Happy 70th STLE!
Dr. Robert M. Gresham, Contributing Editor | TLT Commentary May 2014
Ongoing change and innovation has led to seven decades of excellence.
WITH 70 YEARS BEHIND US, STLE
clearly has reached another milestone in its growth and development as a relevant society serving the tribological world and the lubricants industry. Happy birthday, STLE!
STLE’s path to 70, like that of most people, is a growth process marked by many shifts and changes that have molded and tempered the organization into what it is today. Most of my career has been in some form of research and development with various divisions in two different companies. If we didn’t create change—new services, products and processes—we didn’t survive. Likewise, it is some of the changes that have impacted STLE the most that I would like to note here.
When I joined STLE in 1981, the society was strongly driven by the technical program at the annual meeting. Most papers also were critiqued by a notable expert in the area in a five- or 10-minute presentation following the paper, plus the typical question and answer session. Let me tell you, the fur got to flying in some of those sessions! Back then the Aerospace Industry Council and the Solid Film Lubricants, Non-ferrous and Seals Committees were very strong. On their own, they hosted astronauts to speak, published technical books and manuals and even held independent mini conferences in their subject areas. The only other activity at the annual meeting was the hospitality suites sponsored by various member companies. This was the only real chance these organizations had to interact with current or potential customers other than in the hallways and off-site restaurants.
Then, beginning in the late 1980s through the leadership of board member Ed Kane, we began a golf outing and later a trade show and the Commercial Marketing Forum. These changes caused a real fur-fight among many members. Some claimed these commercial activities would dilute the technical program, cause STLE to lose its technical reputation, change the whole temperament of the annual meeting and the society in general and so forth. The industrial side of the society countered by saying, “We are paying for everything anyway, we ought to get something out of the meeting.” These members added that these changes would broaden the scope and content of the society, add new members and companies, increase revenues and lead to other benefits.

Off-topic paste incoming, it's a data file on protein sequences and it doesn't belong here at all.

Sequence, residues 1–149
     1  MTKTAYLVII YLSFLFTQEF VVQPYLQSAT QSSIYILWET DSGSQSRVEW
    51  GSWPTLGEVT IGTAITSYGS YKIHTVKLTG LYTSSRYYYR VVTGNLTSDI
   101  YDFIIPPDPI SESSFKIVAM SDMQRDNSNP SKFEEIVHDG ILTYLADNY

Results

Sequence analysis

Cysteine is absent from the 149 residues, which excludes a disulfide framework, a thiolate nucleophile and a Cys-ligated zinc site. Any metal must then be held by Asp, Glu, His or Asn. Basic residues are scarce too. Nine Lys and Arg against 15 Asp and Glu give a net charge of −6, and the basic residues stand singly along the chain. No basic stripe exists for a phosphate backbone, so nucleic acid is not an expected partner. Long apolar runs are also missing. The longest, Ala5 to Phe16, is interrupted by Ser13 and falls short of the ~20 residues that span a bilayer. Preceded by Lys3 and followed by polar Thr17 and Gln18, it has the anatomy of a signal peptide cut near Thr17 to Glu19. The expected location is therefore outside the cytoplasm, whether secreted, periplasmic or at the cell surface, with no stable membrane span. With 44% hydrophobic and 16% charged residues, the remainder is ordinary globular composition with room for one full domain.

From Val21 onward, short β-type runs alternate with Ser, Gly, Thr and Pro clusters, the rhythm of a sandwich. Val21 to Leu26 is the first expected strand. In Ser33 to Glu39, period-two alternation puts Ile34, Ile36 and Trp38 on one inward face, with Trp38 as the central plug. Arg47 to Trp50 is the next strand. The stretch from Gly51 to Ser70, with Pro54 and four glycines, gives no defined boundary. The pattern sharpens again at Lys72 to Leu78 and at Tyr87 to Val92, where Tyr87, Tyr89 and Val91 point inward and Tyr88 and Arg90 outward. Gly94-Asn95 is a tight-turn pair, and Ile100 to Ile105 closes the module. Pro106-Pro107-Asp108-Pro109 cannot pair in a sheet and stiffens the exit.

Indeed, that is just what happened. Today the society has doubled in size since those changes were implemented, and now there is something for everyone. And, yes, STLE’s technical reputation is still intact.
Another big change, spearheaded by Past President John Hermann with ExxonMobil, was the increased emphasis on developing an international presence. In 1987, this initiative prompted a name change from the American Society of Lubrication Engineers to our current name to reflect a more international outlook. Again, there was a lot of fur flying over that change. As late as 1998, when I joined STLE’s staff and visited various sections, there were people who would still tell me that it was the stupidest thing we ever did. We really didn’t quite know how to develop international relationships and are still learning, but we have come a very long way from those early U.S./Canada-centric days.
Today we have ongoing relationships with many groups, domestic and international. In North America we work with ASME, SME, ABMA and ILMA. We also are members of the International Tribology Council, and STLE hosted their 2005 World Tribology Congress in Washington, D.C. We have joint programs in Asia (JSTLE, KSTLE, CTI and TSI), Africa (SAIT and Ghana) and Europe (Oil- Doc, LUBMAT and UEIL). STLE local sections are flourishing in South America (Bolivia) and the Caribbean (Trinidad). Somehow, we seem to have survived yet again.
Probably the biggest change that caused loud shouting at board meetings and elsewhere was the introduction of the Certified Lubrication Specialist™ (CLS) program in 1993. Some members said we would open ourselves to lawsuits, that we would no longer be viewed as a technical society, that we didn’t know how to run such a program and that we lacked the resources to administer it. While we learned some harsh lessons along the way, we steadily learned and grew the program and added new certifications as well. Today the CLS is one of our most successful programs and an STLE signature service. Our credibility in the marketplace is excellent, with about a third of our members holding some kind of certification. According to regular surveys conducted by Lube ‘N’ Greases
magazine, CLS-certified professionals earn more money and have more people reporting to them than their uncertified peers. So once again, we seemed to have survived.
Utilizing information technology, we have broadened the way people can access and interact with the society. Again, we are still learning, but now STLE offers live and archived Webinars and podcasts. We offer digital versions of three major publications: TLT and the peer-reviewed journals Tribology Transactions
and Tribology Letters
. We also have Tribology Netbase, an online electronic library, and an online membership directory. STLE participates in such social media outlets as Facebook, Twitter and LinkedIn.
For me change is normal—in fact, it had better be because without it you won’t survive. The proof of that is STLE turning 70 this year. Certainly, it’s a different organization from when I joined, but it’s stronger and better than ever. Happy birthday, STLE!
Bob Gresham is STLE’s director of professional development. You can reach him at firstname.lastname@example.org